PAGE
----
US5008090 *May 23, 1988Apr 16, 1991Allied-Signal Inc.Catalytic process for minimizing the H2 S emissions from automotive exhaust
US5051244 *Jul 20, 1990Sep 24, 1991UopUse of a molecular sieve bed to minimize emissions during cold start of internal combustion engines
US5078979 *Jul 20, 1990Jan 7, 1992UopMolecular sieve bed/catalyst to treat automotive exhaust
US5142864 *Sep 30, 1991Sep 1, 1992UopMolecular sieves, flowing minor part of treated exhaust stream through adsorbent bed to desorb adsorbed hydrocarbons, flowing resultant stream through compressor side of turbocharger and back over catalyst
US5176897 *Jun 12, 1991Jan 5, 1993Allied-Signal Inc.Catalytic destruction of organohalogen compounds
US5208206 *Mar 27, 1991May 4, 1993Tokyo Roki Co., Ltd.Method of manufacturing an exhaust gas purifying catalyst
US5248251 *Mar 24, 1992Sep 28, 1993Catalytica, Inc.Graded palladium-containing partial combustion catalyst and a process for using it
US5250489 *Nov 26, 1990Oct 5, 1993Catalytica, Inc.Catalyst structure having integral heat exchange
US5258349 *Nov 26, 1990Nov 2, 1993Catalytica, Inc.Graded palladium-containing partial combustion catalyst
US5259754 *Nov 26, 1990Nov 9, 1993Catalytica, Inc.Partial combustion catalyst of palladium on a zirconia support and a process for using it
US5283041 *Aug 13, 1992Feb 1, 1994Engelhard CorporationCatalytic incineration of organic compounds
US5405260 *Jul 27, 1993Apr 11, 1995Catalytica, Inc.Partial combustion catalyst of palladium on a zirconia support and a process for using it
US5451388 *Jan 21, 1994Sep 19, 1995Engelhard CorporationCatalytic method and device for controlling VOC. CO and halogenated organic emissions
US5511972 *Jan 11, 1995Apr 30, 1996Catalytica, Inc.Stability; low temperature
US5541147 *Nov 12, 1992Jul 30, 1996The Regents Of The University Of CaliforniaImmobilized free molecule aerosol catalytic reactor
US5578265 *Aug 17, 1995Nov 26, 1996Sandvik AbFerritic stainless steel alloy for use as catalytic converter material
US5578283 *Dec 30, 1994Nov 26, 1996Engelhard CorporationCatalytic oxidation catalyst and method for controlling VOC, CO and halogenated organic emissions
US5653949 *Jun 28, 1996Aug 5, 1997Engelhard CorporationCatalytic oxidation catalyst and method for controlling voc, CO and halogenated organic emissions
US5895636 *Dec 2, 1997Apr 20, 1999Engelhard CorporationContacting gas stream with catalytically effective amount of platinum and/or palladium supported on high surface area alumina stabilized with alkaline earth metal oxide and rare earth metal oxide
US6239064Nov 18, 1998May 29, 2001Engelhard CorporationCatalytic compositions and methods for suppression of halogenation of organic compounds with oxidation products of halogenated organic compounds in gaseous emission streams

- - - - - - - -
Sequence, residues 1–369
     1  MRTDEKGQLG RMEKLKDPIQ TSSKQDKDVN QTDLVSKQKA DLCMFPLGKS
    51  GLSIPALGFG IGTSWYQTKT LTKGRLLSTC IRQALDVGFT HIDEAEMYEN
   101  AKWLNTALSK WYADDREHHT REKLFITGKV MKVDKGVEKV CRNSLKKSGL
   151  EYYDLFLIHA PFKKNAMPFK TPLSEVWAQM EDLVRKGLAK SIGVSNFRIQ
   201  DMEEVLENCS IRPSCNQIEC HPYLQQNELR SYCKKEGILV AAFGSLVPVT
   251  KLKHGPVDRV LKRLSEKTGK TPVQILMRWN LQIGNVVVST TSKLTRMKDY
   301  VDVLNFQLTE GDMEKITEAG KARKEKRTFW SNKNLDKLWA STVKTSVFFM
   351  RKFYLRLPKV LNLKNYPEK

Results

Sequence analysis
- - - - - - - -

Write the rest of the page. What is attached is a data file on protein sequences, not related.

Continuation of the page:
US6303538 *Jun 2, 1999Oct 16, 2001Saes Getters S.P.A.Process for producing metallic fiber boards functionalized by catalysts and boards so produced
US6416871 *May 26, 2000Jul 9, 2002Sandvik AbHeat and oxidation resistant iron, chromium and aluminum materials having a coating layer of silicon compounds
US6936567 *Jun 27, 2001Aug 30, 2005Sanyo Electric Co., Ltd.Fuel reformer and manufacturing method of the same
US7226575Nov 2, 2005Jun 5, 2007Chevron U.S.A. Inc.Forming an aqueous mixture of oxides of silicon, boron, aluminum, iron, titanium and gallium, alkali metal or alkaline earth metals, a quaternary ammonium cation from 1-adamantamine, 3-quinuclidinol or 2-exo-aminonorbornane and crystallizing; as catalysts to prepare methylamine or dimethylamine
US7282082Oct 25, 2005Oct 16, 2007Chevron Usa, Inc.Comprising silicon and/or germanium oxide(s); and aluminum, iron, titanium, and/or gallium oxide(s)
US7402297Oct 25, 2005Jul 22, 2008Chevron U.S.A. Inc.Chabazite crystal structure directing agent comprising a cation derived from 1-adamantamine, 3-quinuclidinol or 2-exo-aminonorbornane; synthesis conducted in the absence of fluorine
US7462744Nov 16, 2007Dec 9, 2008Chevron U.S.A. Inc.Reacting methanol or dimethyl ether and ammonia in gaseous phase in the presence of a boron-containing molecular sieve having the CHA crystal structure; and containing SiO2 and B2O3 or a combination of B2O3 and Al2O3, Fe2O3, TiO2 and Ga2O3 to form methylamine or dimethylamine
US7507393Jan 16, 2008Mar 24, 2009Chevron U. S. A. Inc.Boron-containing molecular sieve CHA
US7749471Nov 16, 2007Jul 6, 2010Chevron U.S.A. Inc.Pollution control; exhaust for internal combustion engine (automotive exhaust)
US7749473Jun 1, 2007Jul 6, 2010Chevron U.S.A. Inc.Structure directing agent is tetramethylene-1,4-bis-(N-methylpyrrolidinium); mole ratio of 15 for silicon oxide to an aluminum oxide, gallium oxide, iron oxide, boron oxide or titanium oxide, indium oxide and mixtures; X-ray diffraction lines of Table II after calcination
US7762059Dec 21, 2006Jul 27, 2010Chevron U.S.A. Inc.Treatment of engine exhaust using molecular sieve SSZ-74
US7875360Dec 3, 2004Jan 25, 2011Sandvik Intellectual Property AbSteel strip coated with zirconia
US8262754May 3, 2007Sep 11, 2012Compactgtl PlcCatalyst structure for a rapid reaction
US8580228Dec 20, 2007Nov 12, 2013Chevron U.S.A. Inc.Treatment of cold start engine exhaust
US8763364Apr 18, 2011Jul 1, 2014Chevron U.S.A. Inc.Treatment of cold start engine exhaust
DE2829373A1 *Jul 4, 1978Jan 18, 1979Johnson Matthey Co LtdOxidationsresistente legierung und verfahren zu ihrer herstellung
DE3041961A1 *Nov 6, 1980Sep 10, 1981Gen Motors CorpMit oxidwhiskern bedeckte folie und verfahren zu ihrer herstellung
EP0033202A1 *Jan 14, 1981Aug 5, 1981Allegheny Ludlum Steel CorporationFerritic stainless steel substrate for catalytic system
EP0036938A2 *Feb 17, 1981Oct 7, 1981Hoechst AktiengesellschaftProcess for the preparation and use of a catalyst carrier
EP0764455A2 *Sep 20, 1996Mar 26, 1997Sintokogio, Ltd.A filter for a treatment of carbon-based particles in exhaust gas and a device for said treatment using said filter
WO1992014547A1 *Feb 14, 1992Sep 3, 1992Univ CaliforniaImmobilized free molecule aerosol catalytic reactor
WO2002031224A2 *Oct 9, 2001Apr 18, 2002Forschungszentrum Juelich GmbhCeramic material for corrosion protection
WO2005054538A1 *Dec 3, 2004Jun 16, 2005Sandvik AbA steel strip coated with zirconia
WO2013154671A1Feb 13, 2013Oct 17, 2013Chevron U.S.A. Inc.Processes using molecular sieve ssz-87
U.S. Classification502/314, 502/313, 423/213.5, 423/213.2
International ClassificationB01D53/94, B01J37/02, B01J23/86, B01J23/76, B01D53/86, B01J37/00, B01J23/84, B01J23/89
Cooperative ClassificationB01D53/944, B01J23/862, B01J23/84, B01J37/024, B01J23/8993, B01D53/86
European ClassificationB01J23/89G18, B01J23/86B, B01D53/94H, B01J23/84, B01D53/86, B01J37/02M